Summertime Food Safety
By Susan Bowerman, MS, RD, CSSD
Nothing says summer quite like outdoor picnics, potlucks and barbecues. But nothing spoils a picnic more quickly than unwelcome guests, and I don’t mean party crashers. I’m talking about food-borne bacteria that can really multiply at hot summertime temperatures, and can make your picnic foods risky to eat.
The bacteria in foods that can make you sick grow quickly at room temperature, and even faster when the thermometer climbs to 90 degrees or so. Keeping foods cold discourages the bacteria from growing - and cooking foods destroys them - so the most basic rule is this: keep hot foods hot, and keep cold foods cold.
If you’re going to carry raw meat with you so you can grill it at the park or your campsite, pack your cooler carefully. Season or marinate the meat and put it in a tightly sealed plastic container or zippered plastic bag, then keep it separated from any foods that are ready-to-eat in your cooler. You don’t want any of those raw meat juices dripping onto your fruits, veggies and side dishes. And, pack your cooler with plenty of ice or ice packs, so it stays nice and cold.
When you grill, check thick foods, like chicken pieces, to make sure they’re cooked all the way through before serving. Sometimes they cook quickly on the outside, but they’re still raw or undercooked in the middle. If I have a few hours before it’s time to grill, I like to partially cook chicken pieces in the microwave, then drop them in a zippered plastic bag with the marinade, and refrigerate. The meat cooks more quickly and evenly on the grill, and it’s less likely to be dry. Any marinade from raw meat, though, should be tossed out. If you want to use it as a sauce for your cooked foods, you need to first bring it to a boil in a saucepan in order to make it safe to eat.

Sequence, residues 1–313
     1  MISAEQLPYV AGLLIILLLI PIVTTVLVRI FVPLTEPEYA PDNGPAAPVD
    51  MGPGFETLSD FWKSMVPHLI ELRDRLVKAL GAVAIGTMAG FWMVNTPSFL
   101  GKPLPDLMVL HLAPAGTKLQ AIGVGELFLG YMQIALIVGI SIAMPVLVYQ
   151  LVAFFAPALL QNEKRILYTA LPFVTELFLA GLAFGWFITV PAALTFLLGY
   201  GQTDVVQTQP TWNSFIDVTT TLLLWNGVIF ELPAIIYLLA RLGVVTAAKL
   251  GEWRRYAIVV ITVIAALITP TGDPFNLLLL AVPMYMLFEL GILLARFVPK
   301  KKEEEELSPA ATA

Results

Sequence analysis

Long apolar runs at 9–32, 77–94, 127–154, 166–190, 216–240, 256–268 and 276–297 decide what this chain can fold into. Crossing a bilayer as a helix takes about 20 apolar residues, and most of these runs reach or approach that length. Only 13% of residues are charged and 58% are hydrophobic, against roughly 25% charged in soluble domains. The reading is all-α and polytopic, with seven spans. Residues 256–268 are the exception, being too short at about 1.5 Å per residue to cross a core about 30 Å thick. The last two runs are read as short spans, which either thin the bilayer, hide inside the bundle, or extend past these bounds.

Do you know the 2-2-4 rule? The rule is simply this: two hours, two inches, four days.
Two hours is how long foods can safely stay at room temperature after you’ve taken then out of the oven or off the grill, or in the case of cold foods, how long they can safely stay out of the refrigerator or cooler. The limit drops to just an hour if the outdoor temperature is 90 degrees or higher. After two hours (or one, if it’s really hot) the food should be refrigerated or frozen, so be sure to pack it up and place it back in the cooler if you’re not going right home.
The two inch rule means you want to store leftover foods in shallow containers in the refrigerator – no more than two inches thick – so they can cool evenly and quickly. If containers are too deep, it takes too long for the food in the middle to cool down.
The last rule says that you should use your refrigerated leftovers within four days - otherwise, toss ‘em out. But picnic leftovers are so good – chances are they’ll be long gone before then.
Susan Bowerman is a paid consultant to Herbalife.